LoRa E5 Transceiver Peer to Peer low data rate

I cannot achieve a data packet transmission rate exceeding 5Hz between two LoRa transceivers in TEST mode.

I am using LoRa E5 boards to send data packets (18 bytes), peer to peer/wirelessly, between Arduino hardware serial ports. I purchased the boards without understanding they are designed to work specifically with WAN and Server (rooky mistake) but I have worked out I can enter TEST mode on the LoRa boards and achieve the same peer/peer outcome which allows me to broadcast data to other devices.

The LoRa transceivers and Arduino boards are wired as a simple transmitter/receiver. I adapted the information from here to configure the arrangement. Note: I have changed all softwareSerial comms referenced in the article to hardware serial ports and I am using two Arduino Mega boards :facepunch:

I have set the TX LoRa board to TX mode (AT+TEST and send each packet of data using the AT+TEST=TXLRPKT, command). The LoRa receiver is configured similarly with AT+TEST and receive data using the AT+TEST=RXLRPKT command).

During initial tests, I successfully “talked” to both LoRa boards (AT commands) and then broadcast data from the transmitter end to the receiver end by using the serial command line (happy days :grinning:).

I then set about to have the Arduino TX hardware serial port continuously sending packets of data to the LoRa TX serial port. The other LoRa receiver serial port is connected to a second Arduino Hardware Serial port. The Arduino connected to the LoRa receiver serial port is simply polling the LoRa serial port continuously and any data it receives is printed to the Arduino Serial screen.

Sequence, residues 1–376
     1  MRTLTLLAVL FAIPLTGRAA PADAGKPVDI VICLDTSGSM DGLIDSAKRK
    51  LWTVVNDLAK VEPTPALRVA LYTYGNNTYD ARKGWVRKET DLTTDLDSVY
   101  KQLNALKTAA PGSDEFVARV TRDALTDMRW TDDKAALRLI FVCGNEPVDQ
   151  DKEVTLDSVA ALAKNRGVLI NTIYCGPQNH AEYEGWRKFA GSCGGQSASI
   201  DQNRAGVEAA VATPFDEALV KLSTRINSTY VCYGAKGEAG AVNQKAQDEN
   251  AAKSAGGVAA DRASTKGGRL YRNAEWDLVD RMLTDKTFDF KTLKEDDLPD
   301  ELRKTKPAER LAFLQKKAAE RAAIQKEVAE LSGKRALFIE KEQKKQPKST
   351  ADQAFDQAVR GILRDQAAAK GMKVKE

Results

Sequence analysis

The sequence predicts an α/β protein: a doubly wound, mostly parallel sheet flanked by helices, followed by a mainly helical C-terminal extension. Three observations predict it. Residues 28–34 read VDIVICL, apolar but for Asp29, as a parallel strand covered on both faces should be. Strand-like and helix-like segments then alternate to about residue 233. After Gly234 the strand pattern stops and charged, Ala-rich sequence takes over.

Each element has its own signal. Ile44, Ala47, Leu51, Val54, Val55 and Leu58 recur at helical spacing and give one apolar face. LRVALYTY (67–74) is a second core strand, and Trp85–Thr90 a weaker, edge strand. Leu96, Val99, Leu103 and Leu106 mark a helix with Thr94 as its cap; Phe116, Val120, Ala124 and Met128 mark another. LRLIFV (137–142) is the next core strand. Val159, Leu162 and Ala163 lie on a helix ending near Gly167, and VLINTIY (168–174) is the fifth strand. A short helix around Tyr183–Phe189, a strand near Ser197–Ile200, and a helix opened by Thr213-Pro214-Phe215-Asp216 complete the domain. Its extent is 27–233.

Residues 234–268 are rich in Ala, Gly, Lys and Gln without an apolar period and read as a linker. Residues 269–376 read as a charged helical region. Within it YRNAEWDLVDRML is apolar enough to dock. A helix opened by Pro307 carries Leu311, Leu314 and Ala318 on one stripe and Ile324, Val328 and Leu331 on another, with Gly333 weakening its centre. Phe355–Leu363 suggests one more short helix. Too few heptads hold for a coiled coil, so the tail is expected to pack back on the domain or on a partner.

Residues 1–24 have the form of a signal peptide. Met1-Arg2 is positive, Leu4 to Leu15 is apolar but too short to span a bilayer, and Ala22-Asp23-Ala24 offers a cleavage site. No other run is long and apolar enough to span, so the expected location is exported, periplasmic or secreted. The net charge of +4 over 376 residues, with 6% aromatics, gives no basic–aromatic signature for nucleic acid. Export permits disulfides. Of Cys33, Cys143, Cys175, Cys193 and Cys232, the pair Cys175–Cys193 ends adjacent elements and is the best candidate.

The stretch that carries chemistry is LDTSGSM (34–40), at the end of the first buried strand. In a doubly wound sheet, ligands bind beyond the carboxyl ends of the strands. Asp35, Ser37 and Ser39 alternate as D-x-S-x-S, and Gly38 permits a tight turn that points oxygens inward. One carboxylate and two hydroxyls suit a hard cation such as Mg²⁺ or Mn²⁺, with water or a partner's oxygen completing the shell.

My dilemma is, after automating the data sending process from the transmitter end, I can only successfully receive data at the receiver end when the transmitter sends data packets at intervals of 200mS or greater. If I increase the frequency of transmissions to more than about 5 Hz, the receiver stops receiving data. To be accurate, the Arduino receiver stops printing data to the screen, but I am assuming that the LoRa receiver does not have data at its serial port. This is based on the fact if I remove the LoRa boards and hardwire the two Arduino hardware serial ports together, the is no restriction on transmission rates. So, I don’t know if the LoRa transmitter is unable to send the data or if it is the LoRa receiver is unable to receive the data at the increased rates.

In an attempt to increase the throughput speed, I have increased the LoRa UART speeds to 115200, varied the radio data rates to from 250bits/s up to the maximum 50kB/s, varied the frequencies between 433MHz and 868MHz, changed channels and varied the data packet size (being sent from the Arduino) from 1 to 18 bytes. I have also removed any timeout restrictions and set the duty cycle restriction to ‘off’ on each of the LoRa boards (clutching at straws at this point :confused:).

None of the changes have provided me with any faster transfer rate of data. Interestingly, the size of the data packet (1 byte up to 18 bytes) seems to make no difference.

I am unable to determine if it’s the LoRa is TX mode or the LoRa in RX mode (or both) that is causing the bottleneck.

Before I abandon the hardware :frowning_face: and look for something that will operate at a higher rate, has anyone had any experience with the LoRa E5 configuration, in TEST mode, that might shed some light on the data rate restriction and more importantly, if it is possible to double/triple the data rate.

Thanks Tim

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Hey Tim,

At a glance, it seems like this issue may be rooted in the inherent limitations of LoRa technology when used in p2p mode. LoRa was designed for low-power, long-range communications, and it typically sacrifices data transmission speed for these benefits.